I came back to Guru Singh's classes as often as I could, as well as attending classes taught by other established teachers. The practice of kundalini yoga made me feel more awake and engaged—mentally, emotionally, physically, and beyond—than my most informative psychedelic trips led to believe was even possible. I bought a manual on developing a personal daily practice, which allowed me to earnestly explore the vast archive of yoga sets and meditations taught by the late Yogi Bhajan, who I learned was behind this system of teachings. The more that I looked into, the more I marveled at the synchronicity. Yogi Bhajan was said to have come to America in the late sixties out of a deep sense of obligation to assist the many psychedelic experimenters in cultivating and grounding their spiritual awareness to collectively serve what he felt was a coming era of conscious civilization.
Since I shared this aim so concertedly, it took a while for me to object to anything in the teachings, short of wearing a turban. As an orthodox Sikh—as bearded and turban-clad as could be—Yogi Bhajan also flatly recommended a strict abstinence from drugs of all kinds for his students. At first, this was no problem for me. Given the powerful yoga sets, chants, and meditations I was practicing, I'd spontaneously halted my intake of substances in general (even caffeine!). I was also enjoying the wave of relief that came from not having to worry about draconian legal penalties, simply for altering my state of mind. After a few years, though, when my daily practice (about an hour of kundalini yoga, followed by an hour of chanting in the ancient language of Gurumukhi) had become a deeply established habit, I found myself routinely googling things like "yoga and psychedelics," looking for an external authority—some hip yogi, perhaps—to validate my revived interest.
This time around, I felt that should I choose to use psychedelics, I owed it to myself to be as disciplined as possible. While of course, I couldn't buy the over-simplified, seemingly puritanical opposition to them that Yogi Bhajan and the majority of Indian and Buddhist teachers voiced, my mind had slowed down enough to see that I got a bit carried away with my earlier use, probably biting off more than I could chew. It left some psychic scabs, so to speak, in the form of an inflated notion of myself and my place in the cosmic scheme. I feared compromising the clarity and balance that I felt I'd gained since. Plus, I was alarmed to have seen some friends over the years have schizophrenic episodes through downright reckless intake. All in all, I questioned whether my inclination to do them again was out of a genuine desire to grow, or simply an impulse to retreat from the purifying potential of embracing the mundane non-intoxicated realms, where all the obstacles of my impatience, my sense of entitlement, my stored bodily tension, etc, would emerge front and center.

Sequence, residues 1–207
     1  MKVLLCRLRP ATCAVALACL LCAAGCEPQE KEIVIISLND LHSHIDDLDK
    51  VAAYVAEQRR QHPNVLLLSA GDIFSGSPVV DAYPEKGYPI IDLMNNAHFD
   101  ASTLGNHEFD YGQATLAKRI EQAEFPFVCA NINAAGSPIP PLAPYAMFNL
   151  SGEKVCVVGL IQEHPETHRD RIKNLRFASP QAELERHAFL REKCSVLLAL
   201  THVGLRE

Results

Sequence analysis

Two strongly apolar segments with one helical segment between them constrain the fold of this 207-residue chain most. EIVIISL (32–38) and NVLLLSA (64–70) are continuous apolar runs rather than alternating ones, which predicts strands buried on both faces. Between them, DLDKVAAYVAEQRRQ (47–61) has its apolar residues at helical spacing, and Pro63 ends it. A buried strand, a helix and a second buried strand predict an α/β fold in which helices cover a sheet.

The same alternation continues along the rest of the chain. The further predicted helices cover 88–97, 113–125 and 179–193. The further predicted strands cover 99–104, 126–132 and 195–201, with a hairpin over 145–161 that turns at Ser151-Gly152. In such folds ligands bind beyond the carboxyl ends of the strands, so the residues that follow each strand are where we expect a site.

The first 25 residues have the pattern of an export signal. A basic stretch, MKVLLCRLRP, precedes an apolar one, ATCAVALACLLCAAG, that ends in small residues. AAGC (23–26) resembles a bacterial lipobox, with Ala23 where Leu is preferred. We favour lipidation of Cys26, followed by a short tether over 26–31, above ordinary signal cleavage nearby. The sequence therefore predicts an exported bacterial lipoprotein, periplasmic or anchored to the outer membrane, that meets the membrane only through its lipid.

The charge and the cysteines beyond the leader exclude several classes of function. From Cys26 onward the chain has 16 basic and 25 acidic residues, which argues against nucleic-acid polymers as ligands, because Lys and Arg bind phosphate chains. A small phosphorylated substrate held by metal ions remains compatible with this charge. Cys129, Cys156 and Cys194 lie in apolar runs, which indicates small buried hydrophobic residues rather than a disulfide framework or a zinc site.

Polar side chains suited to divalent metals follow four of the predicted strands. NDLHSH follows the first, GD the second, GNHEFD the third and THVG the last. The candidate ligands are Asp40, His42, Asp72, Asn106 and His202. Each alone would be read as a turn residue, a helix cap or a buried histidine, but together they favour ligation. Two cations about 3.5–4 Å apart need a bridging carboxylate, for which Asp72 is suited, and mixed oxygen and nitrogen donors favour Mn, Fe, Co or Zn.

In spite of these reservations, I ended up smoking pot again, here and there. I also undertook a few DMT and mushroom trips. My conviction, that I've stuck by, was to always do yoga and meditate sober, beforehand. This is a crucial tenet of what I see as "moderation" in its truest sense. In occasionally using psychedelic substances this way, I'm able to better set my intention and process their impact, both during and after the intoxication. As long as my meditation practice is strong, independently of them, they seem to inform and support it—with anything from a mist of cognitive amiability, to a "deep-issue massage," depending on the substance and dose—and often, they point to their own superfluousness. While some might view that as a sign to "hang up the phone," as Alan Watts famously said, I trust that if I couldn't benefit from them, my desire to do them would be gone; and I do draw a distinction between desire and impulse, though a bit of Dionysian revelry can be healthy once in a while, too.
I think that the tendency certain spiritual practitioners have to shame psychedelics as "bad" and unnatural, stems from a kind of institutionalized self-preservation mechanism on the part of most yogic traditions, but for the more ancient, shamanic ones. I do understand how such thinking can help an ashram run smoothly: daily chores would certainly be disrupted by the monks erupting in involuntary laugh-fits, or ripping their clothes off to dance in ecstatic revelation. I can also see why some argue that the same applies to conventional life in Western society (I've certainly seen of few therapists that have. None of them had a clue about what they were talking about). If that's true, though, I think it's fantastic. We live in a time when we desperately need the type of radical creativity and insight that psychedelics provide. While I'm not so daft as to think that there aren't exceptions, it's very difficult for me to imagine receiving the initial reality check I was gifted through my first LSD experience without the LSD. Perhaps I would have eventually found my way to a yogic practice that would have, alone, served the same purpose, but I don't want to second-guess it.
In our contemporary society, where yogic practices are the stuff of booming industry, and psychedelic usage is at its highest on record since the 60's, it makes a lot of sense to wisely combine the two, freed from trappings of the ancient traditions they derived from, to assist us in the unique new challenges we face. While psychedelics offer us an initiation ceremony for the secular age, yoga and meditation are tools to carry us through, as conscious spiritual beings with physical and psychological flexibility.